One time, our friend from Japan invited me and my family to his house and whipped up some Osaka-style okonomiyaki which is iconic Japanese street food. Okonomiyaki is a melting in your mouth savoury pancake, or giant vegetable bacon fritter, which is crispy outside and tender inside, and packed with cabbage, seafood and pork belly. Also, it is a very versatile dish that can be varying depending on regions and can have various topping options. In Japan, people usually eat okonomiyaki at restaurants that specialize in the dish. At some of these restaurants the dining tables are each equipped with an iron griddle ("teppan"), and customers are given the ingredients to cook the meal themselves.
It’s easy to make okonomiyaki at home as well. Especially it’s good if cooked on a cast-iron skillet. Cast iron allows you to get gentler, more radiant heat for searing, frying, and baking in the oven. There is simply no other pan that holds heat as well. Hot cast-iron skillet sears okonomiyaki beautifully, giving a thick, browned and absolutely delicious crust.
1 c all-purpose flour
1 t baking powder
½ t fine salt
¾ c kelp dashi stock (or 1 sachet of instant kelp dashi dissolved in 3/4 cup of warm water)
2 eggs, slightly beaten
2 spring onions, sliced
150g shrimp cutlets (or squid, or octopus), roughly chopped
4 c chopped green cabbage
6 thin slices pork belly (or bacon rashers)
2 T cooking oil
1½ T grated Nagaimo Japanese mountain yam (Optional, see notes)
Okonomi sauce (I prefer Otafuku brand)
Japanese Kewpie mayonnaise
Katsuobushi (Bonito flakes)
Sliced spring onion
Nori sheet, sliced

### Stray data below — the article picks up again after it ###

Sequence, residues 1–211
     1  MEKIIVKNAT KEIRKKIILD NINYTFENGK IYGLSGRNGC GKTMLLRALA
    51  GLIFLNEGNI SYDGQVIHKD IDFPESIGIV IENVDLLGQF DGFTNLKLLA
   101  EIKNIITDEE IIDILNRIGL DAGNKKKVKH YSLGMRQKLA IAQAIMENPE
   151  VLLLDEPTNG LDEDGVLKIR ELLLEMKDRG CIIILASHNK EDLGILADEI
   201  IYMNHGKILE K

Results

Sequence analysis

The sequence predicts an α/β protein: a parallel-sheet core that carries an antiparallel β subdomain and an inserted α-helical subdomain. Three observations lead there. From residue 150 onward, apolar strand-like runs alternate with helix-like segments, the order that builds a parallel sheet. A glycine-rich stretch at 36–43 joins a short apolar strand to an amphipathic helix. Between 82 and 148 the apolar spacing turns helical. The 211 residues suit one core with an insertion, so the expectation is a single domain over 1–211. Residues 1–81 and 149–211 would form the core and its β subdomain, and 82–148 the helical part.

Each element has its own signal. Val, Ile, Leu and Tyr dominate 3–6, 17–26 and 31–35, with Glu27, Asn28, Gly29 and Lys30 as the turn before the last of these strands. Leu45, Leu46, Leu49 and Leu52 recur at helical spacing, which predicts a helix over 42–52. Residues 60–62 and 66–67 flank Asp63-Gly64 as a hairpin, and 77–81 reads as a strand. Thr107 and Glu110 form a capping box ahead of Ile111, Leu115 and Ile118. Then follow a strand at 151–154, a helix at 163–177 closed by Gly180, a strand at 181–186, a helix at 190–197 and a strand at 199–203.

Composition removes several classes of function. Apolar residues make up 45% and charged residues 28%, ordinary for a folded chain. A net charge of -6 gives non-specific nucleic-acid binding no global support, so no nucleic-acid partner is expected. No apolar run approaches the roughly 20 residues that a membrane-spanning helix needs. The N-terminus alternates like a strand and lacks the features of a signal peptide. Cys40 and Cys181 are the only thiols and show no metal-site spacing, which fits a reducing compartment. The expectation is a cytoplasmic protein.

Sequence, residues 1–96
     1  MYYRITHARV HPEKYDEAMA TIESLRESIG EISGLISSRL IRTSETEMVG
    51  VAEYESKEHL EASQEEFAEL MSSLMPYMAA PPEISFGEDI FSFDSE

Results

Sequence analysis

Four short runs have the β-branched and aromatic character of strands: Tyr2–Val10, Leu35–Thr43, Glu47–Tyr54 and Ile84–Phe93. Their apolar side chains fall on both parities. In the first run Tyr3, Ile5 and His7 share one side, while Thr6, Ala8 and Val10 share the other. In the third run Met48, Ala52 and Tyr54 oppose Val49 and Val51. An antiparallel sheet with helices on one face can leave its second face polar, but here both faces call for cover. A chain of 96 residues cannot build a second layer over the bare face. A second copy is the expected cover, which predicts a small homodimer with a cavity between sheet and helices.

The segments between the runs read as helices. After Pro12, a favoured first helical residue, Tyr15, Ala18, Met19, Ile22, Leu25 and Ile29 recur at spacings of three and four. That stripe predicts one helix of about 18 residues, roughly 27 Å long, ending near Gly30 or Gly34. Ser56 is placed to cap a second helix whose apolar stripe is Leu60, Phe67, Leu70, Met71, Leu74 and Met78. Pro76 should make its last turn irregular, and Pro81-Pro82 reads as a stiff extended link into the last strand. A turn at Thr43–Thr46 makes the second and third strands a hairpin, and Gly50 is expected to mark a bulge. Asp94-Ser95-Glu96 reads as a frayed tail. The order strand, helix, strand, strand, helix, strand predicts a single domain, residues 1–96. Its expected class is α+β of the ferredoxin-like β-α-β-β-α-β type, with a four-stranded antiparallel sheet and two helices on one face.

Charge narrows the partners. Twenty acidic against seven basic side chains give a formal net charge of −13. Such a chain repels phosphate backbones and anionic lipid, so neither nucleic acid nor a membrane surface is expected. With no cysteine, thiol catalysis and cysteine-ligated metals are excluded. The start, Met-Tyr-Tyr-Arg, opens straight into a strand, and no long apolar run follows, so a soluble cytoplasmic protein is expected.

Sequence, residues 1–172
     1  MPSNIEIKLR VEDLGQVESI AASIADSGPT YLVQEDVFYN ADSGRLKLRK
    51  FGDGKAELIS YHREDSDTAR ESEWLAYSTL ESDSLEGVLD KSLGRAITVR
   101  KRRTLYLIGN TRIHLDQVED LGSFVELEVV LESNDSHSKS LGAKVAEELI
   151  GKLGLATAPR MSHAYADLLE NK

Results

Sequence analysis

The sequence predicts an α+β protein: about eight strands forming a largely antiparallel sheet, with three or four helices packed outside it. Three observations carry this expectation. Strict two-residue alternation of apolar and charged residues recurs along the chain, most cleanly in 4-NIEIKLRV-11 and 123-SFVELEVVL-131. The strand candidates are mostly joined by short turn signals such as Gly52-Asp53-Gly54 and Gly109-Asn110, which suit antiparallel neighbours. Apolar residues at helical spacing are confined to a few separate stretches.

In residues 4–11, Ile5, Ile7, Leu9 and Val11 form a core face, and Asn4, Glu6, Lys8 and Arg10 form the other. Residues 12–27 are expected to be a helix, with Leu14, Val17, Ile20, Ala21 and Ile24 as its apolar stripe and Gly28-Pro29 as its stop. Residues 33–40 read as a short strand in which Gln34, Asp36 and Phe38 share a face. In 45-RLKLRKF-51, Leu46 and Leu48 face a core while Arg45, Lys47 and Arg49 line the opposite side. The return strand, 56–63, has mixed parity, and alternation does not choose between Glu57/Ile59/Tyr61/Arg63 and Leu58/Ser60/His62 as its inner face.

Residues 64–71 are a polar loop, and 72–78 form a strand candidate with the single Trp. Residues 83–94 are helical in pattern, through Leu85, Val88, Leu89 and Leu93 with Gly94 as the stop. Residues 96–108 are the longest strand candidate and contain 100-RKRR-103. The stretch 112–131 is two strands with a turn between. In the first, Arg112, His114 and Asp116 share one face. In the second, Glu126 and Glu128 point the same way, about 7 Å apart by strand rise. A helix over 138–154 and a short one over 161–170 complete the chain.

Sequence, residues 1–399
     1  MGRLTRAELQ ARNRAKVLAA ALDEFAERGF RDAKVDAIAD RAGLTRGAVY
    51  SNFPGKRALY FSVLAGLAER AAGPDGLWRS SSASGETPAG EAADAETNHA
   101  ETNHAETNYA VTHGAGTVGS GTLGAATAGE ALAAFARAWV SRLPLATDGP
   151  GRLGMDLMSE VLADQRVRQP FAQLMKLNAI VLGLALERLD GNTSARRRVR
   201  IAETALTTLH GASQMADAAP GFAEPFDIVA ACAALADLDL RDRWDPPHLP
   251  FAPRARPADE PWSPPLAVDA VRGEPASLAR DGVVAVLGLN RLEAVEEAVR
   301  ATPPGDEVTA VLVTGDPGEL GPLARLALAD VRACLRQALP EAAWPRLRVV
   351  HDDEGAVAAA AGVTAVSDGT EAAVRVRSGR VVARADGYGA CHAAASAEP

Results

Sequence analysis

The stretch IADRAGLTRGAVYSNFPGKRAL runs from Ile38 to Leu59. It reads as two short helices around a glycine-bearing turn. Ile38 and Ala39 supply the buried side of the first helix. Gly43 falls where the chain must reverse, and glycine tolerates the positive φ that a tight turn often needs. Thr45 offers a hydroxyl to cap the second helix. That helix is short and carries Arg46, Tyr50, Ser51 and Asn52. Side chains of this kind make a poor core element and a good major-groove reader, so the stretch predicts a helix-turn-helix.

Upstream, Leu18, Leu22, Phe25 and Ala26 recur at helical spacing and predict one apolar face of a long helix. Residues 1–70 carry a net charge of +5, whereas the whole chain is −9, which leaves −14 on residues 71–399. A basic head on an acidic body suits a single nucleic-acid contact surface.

Combine flour, baking powder, salt in a large mixing bowl.
Add dashi stock, and whisk until smooth. Stir in eggs and Nagaimo, if using. Add cabbage, green onion, shrimp. Mix well until well-combined.
Preheat a cast-iron skillet over medium heat, add oil and swirl to coat. Add half of the okonomiyaki batter and spread evenly forming pancake. Cook for about 5 minutes or until golden brown crust will be formed.
Place pork belly slices on top of okonomiyaki and carefully flip it over using two spatulas. Press okonomiyaki gently using a spatula. Cook another 5-7 minutes or until okonomiyaki is firm and all the way cooked through.
Remove from heat and repeat with remaining ingredients. Brush okonomiyaki with okonomi sauce, top with Japanese mayonnaise, sprinkle with nori seaweed seasoning, Katsuobushi and spring onion. Serve immediately.
Below, you will find, a small guide about ingredients used in this recipe. You can find these ingredients in Japan mart or Wang mart.
Okonomi sauce, also known as okonomiyaki sauce is a sweet-savoury Japanese condiment, with rich flavours similar to thick Worcestershire sauce. As its name suggests, the sauce is the traditional topping for Okonomiyaki savoury pancakes but is also a great accompaniment to takoyaki and pork belly dishes.
Kewpie mayonnaise, which was invented in 1924, is now a household staple in Japan. Kewpie has a richer, creamier flavour than your usual mayonnaise due to its exclusive use of egg yolks and a mix of apple and malt vinegar. Kewpie comes in a large squeezy bottle to make it easy to pour on to your favourite dishes.
Katsuobushi (or dried bonito flakes) is a form of dried, prepared skipjack tuna, and an essential ingredient in Japanese cuisine. Sprinkle katsuobushi on top of okonomiyaki or takoyaki, or use to make dashi.
Nori is the sheets of seaweed used to wrap sushi, is as versatile as it is delicious. Slice it into strips and sprinkle over the okonomiyaki for extra umami flavour.
Nagaimo, also known as Chinese yam, is a kind of mountain yam, the tuberous root of a climbing vine. Its texture is crunchy and somewhat sticky. Nagaimo gives to okonomiyaki more fluffy texture. Nagaimo is available In New Zealand during the autumn time.
Visit The Crazy Cucumber Blog for more incredible recipes from Leno Regush